Moreover, we continue reading how Christ tells the disciples how they will flee when He is arrested. Each boldly claims that he will not leave Christ. How many times have we been vain in thinking that we have total control of faith? How many times have we thought that we control grace in us? It is God who sustains our faith and nourishes us with His grace (James 4:6). We only cooperate by the suspension of our free will in order to submit to God’s will.  Christ then goes to the Garden of Gethsemane to pray. He cries tears of blood showing the pain and anguish He was going through.  We again see Christ’s humanity. He is one of us! He is the perfect Adam we must imitate (Romans 5:12-18, 1 Corinthians 15:45).  However, like the disciples, we often fall asleep when we are in His presence. Instead of praying, we slack off and get distracted to the point of dosing off. We must avoid this by asking God to teach us how to pray and give us the strength and demeanor to be in His presence to pray even when our human frailness gets in the way.  It is in prayer that we unite with God.

Lastly, we continue reading how Christ is taken to trial. The Son of God, God Himself is treated like a criminal. He is sentenced to be killed by way of Crucifixion. His crime is love (John 3:16). Christ came to save all, first to His own people the Jews. Ironically, it is sometimes our own that betray us. We must avoid being like the Jews of Christ’s time who were with Him, saw His works and still wanted no part of Christ. Like the Jews in the desert, they saw His works and still did not want to believe (Psalm 95:8). Christ is then made to go through a horrible death. First He is made to carry a heavy cross. Throughout the way, He is mocked, spat on, hit and falls down three times for the sins of the past, present and future (Hebrews 13:8). He dies on the cross and is buried. God is dead!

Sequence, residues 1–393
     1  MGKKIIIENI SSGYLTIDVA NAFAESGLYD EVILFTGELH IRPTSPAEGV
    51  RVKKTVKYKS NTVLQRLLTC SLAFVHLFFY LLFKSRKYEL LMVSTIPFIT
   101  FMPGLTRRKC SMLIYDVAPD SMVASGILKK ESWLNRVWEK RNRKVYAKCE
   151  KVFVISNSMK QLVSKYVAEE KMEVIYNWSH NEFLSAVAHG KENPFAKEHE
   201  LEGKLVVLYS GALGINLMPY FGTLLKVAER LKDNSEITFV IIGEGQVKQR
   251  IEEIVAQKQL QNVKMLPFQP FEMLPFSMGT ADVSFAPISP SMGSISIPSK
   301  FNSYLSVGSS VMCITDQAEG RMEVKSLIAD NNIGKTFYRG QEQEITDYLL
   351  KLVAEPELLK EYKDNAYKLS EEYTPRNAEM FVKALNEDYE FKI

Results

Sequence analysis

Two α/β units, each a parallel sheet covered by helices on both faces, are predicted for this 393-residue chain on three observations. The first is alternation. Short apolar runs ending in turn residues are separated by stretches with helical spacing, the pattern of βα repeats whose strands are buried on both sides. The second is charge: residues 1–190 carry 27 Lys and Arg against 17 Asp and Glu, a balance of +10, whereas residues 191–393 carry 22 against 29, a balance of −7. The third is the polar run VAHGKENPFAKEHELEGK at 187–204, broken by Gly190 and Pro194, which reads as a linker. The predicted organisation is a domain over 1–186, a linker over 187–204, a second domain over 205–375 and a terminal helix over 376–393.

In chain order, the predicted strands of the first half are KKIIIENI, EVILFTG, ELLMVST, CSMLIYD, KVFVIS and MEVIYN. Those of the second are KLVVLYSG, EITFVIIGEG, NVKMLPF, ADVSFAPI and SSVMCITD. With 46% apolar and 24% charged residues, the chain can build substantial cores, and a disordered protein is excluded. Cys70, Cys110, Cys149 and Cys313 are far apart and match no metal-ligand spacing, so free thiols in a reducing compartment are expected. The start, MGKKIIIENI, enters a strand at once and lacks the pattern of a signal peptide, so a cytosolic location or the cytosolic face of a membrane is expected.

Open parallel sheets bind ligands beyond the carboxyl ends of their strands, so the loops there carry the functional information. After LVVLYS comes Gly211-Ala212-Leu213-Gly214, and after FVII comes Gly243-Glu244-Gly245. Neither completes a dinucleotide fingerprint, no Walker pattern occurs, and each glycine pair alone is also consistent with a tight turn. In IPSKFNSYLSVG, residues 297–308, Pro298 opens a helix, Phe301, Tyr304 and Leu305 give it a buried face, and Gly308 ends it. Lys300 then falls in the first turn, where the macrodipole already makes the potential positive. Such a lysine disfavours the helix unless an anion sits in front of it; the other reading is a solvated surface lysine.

Today, this phrase still echoes among western societies throughout the world who have lost their Christian roots and especially in universities teaching our youth. Some believe philosopher Nietzsche to have coined the phrase “God is dead,” but this has existed way before his own birth. Christ is nailed to the cross and dies. The people of His time said, “God is dead.” The Son of God who performed miracles and preached the good news dies. We know that in reality He is still alive (Revelation 1:18). Man can kill God because God allows it out of love. Today’s age of secularism, atheism, and relativism shout, “God is dead, we have killed Him!” However, God is alive and well. He rose from the dead showing He is the God of the living and dead (Romans 14:9). He is the one who IS; who is dependent on no one for existence (Exodus 3:14).
We must not be like the Jews of the old covenant who saw and still did not believe, nor do we want to be like the Jews in Jesus’ times who like their ancestors saw Christ’s works yet did not believe as well. They even proclaimed Him as their king by throwing palms onto His path only to reject Him and call for His execution days later. We should not be like them. We must never lose faith nor let the world silence it as it grows more hostile to religion.  Today we lift up our palms, not like those hypocrites in the Gospel reading before Mass, but like those in Revelation 7:9 who see the Lamb of God, hold their palms out to Him in joy and wear clean white robes showing they are made spotless by the blood of Christ shed for all during His Passion.
Palm Sunday is upon us. Raise your palms high and let the world know that we are Christian and will not be silenced.  We are in Christ and no one can stop us.  We are the Easter people who defy all odds in the name of Christ the Lord (Philippians 4:13).    
May Christ teach us how to live and suffer in faith. Let us shout Hosanna to the King with sincerity and remain with Him through good times and bad times until the end of time comes.  May Jesus Christ be praised!